Appeal by plaintiff from the Circuit Court of Winnebago
county; the Hon. WILLIAM R. DUSHER, Judge, presiding. Heard in
this court at the May term, 1950. Judgment affirmed. Opinion
filed July 13, 1950. Released for publication August 1, 1950.
MR. PRESIDING JUSTICE WOLFE DELIVERED THE OPINION OF THE COURT.
On the 23rd day of October 1946, Garfield J. Jackson, Dorothy Jackson, his wife, and Sharon Jackson their daughter, age four years were living on Custer avenue in the City of Rockford, Illinois. Custer avenue runs in an easterly and westerly direction. On the same day Roger Lynn Fisher was riding his motorcycle in a westerly direction on Custer avenue and while Sharon Jackson was attempting to cross the street, the motorcycle struck and injured her from which injuries she died within a short time after the accident.
Garfield J. Jackson was appointed administrator of the estate of Sharon Jackson, deceased, and he started a suit in the circuit court of Winnebago county, against Roger Lynn Fisher for damages sustained by the next of kin for the death of Sharon Jackson. The complaint is in the usual form and alleges that the next of kin were in the exercise of due care for the safety of Sharon at the time of the accident. The last paragraph of the complaint is as follows: "That by reason of the death of said Sharon Jackson, deceased, the next of kin have been deprived of large sums of money and valuable services which said Sharon Jackson would have contributed and performed for them to the damage of the plaintiff as administrator of $10,000.00." Later this was amended and the ad damnum changed to $15,000.
Defendant filed his answer in which he denied all acts of negligence on his part that in any way contributed to the injury and death of Sharon Jackson, also denied that the next of kin of Sharon Jackson were in the exercise of due care and caution for the safety of Sharon, and also denied that the next of kin had been deprived of a large sum of money and valuable services which Sharon Jackson would have contributed and performed for them.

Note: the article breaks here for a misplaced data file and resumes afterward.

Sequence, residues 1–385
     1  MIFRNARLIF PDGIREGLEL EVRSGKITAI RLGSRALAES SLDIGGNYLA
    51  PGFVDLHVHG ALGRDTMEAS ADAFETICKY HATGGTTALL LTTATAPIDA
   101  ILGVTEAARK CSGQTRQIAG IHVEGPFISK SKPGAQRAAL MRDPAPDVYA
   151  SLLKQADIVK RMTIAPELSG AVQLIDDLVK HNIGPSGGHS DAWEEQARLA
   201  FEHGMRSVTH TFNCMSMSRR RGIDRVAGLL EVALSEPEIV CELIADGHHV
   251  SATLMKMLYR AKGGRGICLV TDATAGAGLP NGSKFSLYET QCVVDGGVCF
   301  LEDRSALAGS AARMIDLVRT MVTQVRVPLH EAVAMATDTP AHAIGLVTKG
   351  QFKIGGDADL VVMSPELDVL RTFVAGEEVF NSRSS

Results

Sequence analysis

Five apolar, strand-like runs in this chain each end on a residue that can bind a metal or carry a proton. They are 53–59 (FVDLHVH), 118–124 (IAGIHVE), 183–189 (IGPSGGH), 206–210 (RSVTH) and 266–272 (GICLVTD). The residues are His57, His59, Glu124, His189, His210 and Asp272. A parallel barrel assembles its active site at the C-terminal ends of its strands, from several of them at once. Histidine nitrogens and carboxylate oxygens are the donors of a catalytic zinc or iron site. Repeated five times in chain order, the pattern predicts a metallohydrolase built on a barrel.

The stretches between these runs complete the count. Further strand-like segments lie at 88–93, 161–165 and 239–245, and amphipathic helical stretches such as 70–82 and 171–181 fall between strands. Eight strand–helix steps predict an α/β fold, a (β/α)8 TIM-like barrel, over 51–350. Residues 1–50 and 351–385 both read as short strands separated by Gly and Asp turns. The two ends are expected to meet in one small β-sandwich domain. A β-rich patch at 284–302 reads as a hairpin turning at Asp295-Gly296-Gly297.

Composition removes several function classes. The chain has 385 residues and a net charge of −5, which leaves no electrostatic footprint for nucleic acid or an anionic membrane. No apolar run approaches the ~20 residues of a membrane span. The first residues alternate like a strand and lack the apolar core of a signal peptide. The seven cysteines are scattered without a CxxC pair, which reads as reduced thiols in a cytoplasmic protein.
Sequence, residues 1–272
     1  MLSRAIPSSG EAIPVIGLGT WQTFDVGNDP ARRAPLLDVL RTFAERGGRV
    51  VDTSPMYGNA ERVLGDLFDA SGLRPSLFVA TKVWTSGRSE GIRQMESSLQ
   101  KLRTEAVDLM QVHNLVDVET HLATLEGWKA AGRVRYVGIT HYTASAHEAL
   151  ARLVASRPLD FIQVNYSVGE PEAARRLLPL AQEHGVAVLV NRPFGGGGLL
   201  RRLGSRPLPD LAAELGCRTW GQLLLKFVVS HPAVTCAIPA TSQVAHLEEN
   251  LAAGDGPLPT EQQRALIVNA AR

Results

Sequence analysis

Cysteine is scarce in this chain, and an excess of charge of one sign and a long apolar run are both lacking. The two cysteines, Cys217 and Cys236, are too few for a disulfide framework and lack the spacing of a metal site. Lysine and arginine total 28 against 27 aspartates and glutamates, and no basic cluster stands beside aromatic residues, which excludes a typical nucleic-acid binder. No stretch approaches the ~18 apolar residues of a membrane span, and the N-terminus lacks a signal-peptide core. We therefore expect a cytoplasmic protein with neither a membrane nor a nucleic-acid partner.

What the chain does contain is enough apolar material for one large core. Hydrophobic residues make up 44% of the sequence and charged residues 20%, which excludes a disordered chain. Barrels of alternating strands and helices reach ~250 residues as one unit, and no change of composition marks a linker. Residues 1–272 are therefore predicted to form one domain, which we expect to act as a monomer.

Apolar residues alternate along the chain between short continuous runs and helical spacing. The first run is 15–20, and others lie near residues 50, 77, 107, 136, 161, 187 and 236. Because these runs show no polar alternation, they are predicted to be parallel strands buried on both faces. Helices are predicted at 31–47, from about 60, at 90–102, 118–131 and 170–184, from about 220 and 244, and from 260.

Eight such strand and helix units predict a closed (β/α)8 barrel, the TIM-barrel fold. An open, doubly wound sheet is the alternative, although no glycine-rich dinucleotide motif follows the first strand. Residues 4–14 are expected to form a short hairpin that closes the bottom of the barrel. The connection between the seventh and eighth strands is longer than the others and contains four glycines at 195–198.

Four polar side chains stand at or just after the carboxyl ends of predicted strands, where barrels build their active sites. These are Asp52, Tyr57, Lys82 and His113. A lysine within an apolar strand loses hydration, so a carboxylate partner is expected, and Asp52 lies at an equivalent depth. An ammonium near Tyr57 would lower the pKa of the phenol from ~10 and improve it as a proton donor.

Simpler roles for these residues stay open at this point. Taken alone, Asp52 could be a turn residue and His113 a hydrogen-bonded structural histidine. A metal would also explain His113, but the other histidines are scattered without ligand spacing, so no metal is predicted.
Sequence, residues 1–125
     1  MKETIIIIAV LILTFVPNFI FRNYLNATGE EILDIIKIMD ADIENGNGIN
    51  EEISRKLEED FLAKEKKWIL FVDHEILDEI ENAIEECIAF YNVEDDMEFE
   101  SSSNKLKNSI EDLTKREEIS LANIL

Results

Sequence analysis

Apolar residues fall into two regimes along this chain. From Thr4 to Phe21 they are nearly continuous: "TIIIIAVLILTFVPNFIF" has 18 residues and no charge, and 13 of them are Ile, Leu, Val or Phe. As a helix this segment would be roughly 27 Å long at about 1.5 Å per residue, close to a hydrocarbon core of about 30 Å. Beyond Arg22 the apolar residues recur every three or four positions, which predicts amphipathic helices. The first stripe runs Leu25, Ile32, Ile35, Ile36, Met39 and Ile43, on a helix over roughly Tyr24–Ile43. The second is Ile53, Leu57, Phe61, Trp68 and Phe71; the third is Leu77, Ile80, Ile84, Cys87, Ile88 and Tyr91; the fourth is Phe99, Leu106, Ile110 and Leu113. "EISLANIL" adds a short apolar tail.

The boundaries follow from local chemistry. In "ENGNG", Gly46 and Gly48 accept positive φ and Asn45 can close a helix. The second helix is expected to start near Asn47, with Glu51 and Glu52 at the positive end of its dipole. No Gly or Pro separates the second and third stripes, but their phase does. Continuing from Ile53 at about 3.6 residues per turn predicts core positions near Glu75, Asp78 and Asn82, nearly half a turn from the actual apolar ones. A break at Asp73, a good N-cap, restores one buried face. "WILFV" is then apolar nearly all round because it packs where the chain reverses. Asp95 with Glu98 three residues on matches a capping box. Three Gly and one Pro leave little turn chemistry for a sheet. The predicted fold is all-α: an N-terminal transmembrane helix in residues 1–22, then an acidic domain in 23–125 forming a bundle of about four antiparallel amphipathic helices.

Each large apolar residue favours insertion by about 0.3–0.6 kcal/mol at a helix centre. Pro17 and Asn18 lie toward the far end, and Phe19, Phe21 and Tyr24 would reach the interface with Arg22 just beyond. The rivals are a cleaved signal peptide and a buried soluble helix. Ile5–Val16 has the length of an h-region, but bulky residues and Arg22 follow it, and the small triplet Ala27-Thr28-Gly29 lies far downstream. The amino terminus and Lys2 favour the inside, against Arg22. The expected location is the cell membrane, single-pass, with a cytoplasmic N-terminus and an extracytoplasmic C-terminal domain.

The case was tried before a jury and at the conclusion of the trial, aside from the general instructions given by the court, submitted two interrogatories. The first one being as follows: "Do the jury find from a preponderance of the evidence that Dorothy Jackson, mother of the deceased, Sharon Jackson, just before and at the time of the occurrence, used ordinary and reasonable care and caution to guard against injury to the said deceased child?" The jury answered this interrogatory "no." The other interrogatory was: "Do the jury find from the preponderance of the evidence that the defendant, Roger Lynn Fisher, was just before and at the time of the occurrence, guilty of negligence which was the direct, proximate and immediate cause of the injury to the deceased girl, Sharon Jackson?" The jury answered this interrogatory "no." At the request of the defendant, the court gave the following instruction.
"The Court instructs the jury that before the plaintiff can recover from the defendant he must prove the following propositions by the greater weight or preponderance of the evidence:
"First, that Dorothy Jackson, mother of the deceased child, Sharon Jackson, just before and at the time of the occurrence in question, used reasonable care and caution to guard against and avoid the injury to the deceased child.
"Second, that Roger Lynn Fisher was, just before and at the time of the occurrence, guilty of the negligence charged against him, which negligence was the proximate cause of the injury and death.